ERIC Number: ED208292
Record Type: RIE
Publication Date: 1981-Mar
Reference Count: 0
The Myth of Cognitive Consistency: Psychological Theories and Intimate Violence.
Horowitz, Sandra V.
Several psychological theories are viable when examining the victims of intimate violence, specifically battered women. Although cognitive consistency models view individuals as striving toward balanced cognitive states, battered women can exist with the cognitive inconsistency of being harmed by men who love them. The theory of cognitive arousal sees the novelty of the male/female relationship as one factor in reaching an optimum arousal level. Other theories also attempt to explain why abused victims remain in relationships, including: (1) the "Just World" hypothesis that blames the victim; (2) learned helplessness; (3) an integrative model of reactance theory and learned helplessness; (4) attribution theory that explains learned helplessness as a likely response if failure to exert control is attributed to stable rather than variable factors; (5) sex-role-based theories that suggest that women with low self-esteem and traditional sex-role views have difficulty perceiving their own victimization; and (6) the illusion of control in which the battered woman feels greater control over the familiar abusive relationship than over situations outside the relationship. A vital component of any psychological reversal of the battered women's negative image may be the creation of viable economic alternatives for these women. (NRB)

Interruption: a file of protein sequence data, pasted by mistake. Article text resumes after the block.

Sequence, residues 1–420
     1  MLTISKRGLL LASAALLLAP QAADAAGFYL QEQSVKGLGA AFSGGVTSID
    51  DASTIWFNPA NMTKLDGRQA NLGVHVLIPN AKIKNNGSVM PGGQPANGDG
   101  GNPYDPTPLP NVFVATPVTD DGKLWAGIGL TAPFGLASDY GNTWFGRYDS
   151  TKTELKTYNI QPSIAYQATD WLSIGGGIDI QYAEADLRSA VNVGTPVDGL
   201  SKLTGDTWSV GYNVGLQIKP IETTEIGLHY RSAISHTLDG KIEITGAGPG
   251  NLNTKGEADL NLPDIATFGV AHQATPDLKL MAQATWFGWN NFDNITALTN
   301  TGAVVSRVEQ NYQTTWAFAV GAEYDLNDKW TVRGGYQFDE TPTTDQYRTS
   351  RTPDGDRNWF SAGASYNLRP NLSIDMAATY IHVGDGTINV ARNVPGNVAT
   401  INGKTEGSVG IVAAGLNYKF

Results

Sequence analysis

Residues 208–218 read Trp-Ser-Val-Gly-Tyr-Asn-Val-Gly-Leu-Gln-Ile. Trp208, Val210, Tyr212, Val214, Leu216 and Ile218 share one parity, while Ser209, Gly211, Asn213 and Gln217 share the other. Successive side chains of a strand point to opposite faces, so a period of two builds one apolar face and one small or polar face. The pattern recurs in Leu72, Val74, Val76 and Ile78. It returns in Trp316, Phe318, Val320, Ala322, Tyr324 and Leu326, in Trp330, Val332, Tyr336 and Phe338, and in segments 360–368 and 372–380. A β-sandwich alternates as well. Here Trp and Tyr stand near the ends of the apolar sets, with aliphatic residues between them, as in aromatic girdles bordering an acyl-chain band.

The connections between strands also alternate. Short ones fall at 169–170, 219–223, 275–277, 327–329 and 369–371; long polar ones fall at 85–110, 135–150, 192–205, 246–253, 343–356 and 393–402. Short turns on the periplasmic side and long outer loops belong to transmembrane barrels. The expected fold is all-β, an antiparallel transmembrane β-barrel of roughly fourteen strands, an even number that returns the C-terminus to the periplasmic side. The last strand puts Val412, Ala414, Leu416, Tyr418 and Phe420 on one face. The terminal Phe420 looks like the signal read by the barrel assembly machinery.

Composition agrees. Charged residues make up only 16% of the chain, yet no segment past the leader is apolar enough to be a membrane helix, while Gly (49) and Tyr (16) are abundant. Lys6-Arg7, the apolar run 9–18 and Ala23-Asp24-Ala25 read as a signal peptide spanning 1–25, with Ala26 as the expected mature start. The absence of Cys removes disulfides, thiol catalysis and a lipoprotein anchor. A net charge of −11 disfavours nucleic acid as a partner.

Publication Type: Reports - General; Information Analyses; Speeches/Meeting Papers
Education Level: N/A
Authoring Institution: N/A
Note: Paper presented at the Annual Convention of the Association for Women in Psychology (8th, Boston, MA, March 5-8, 1981).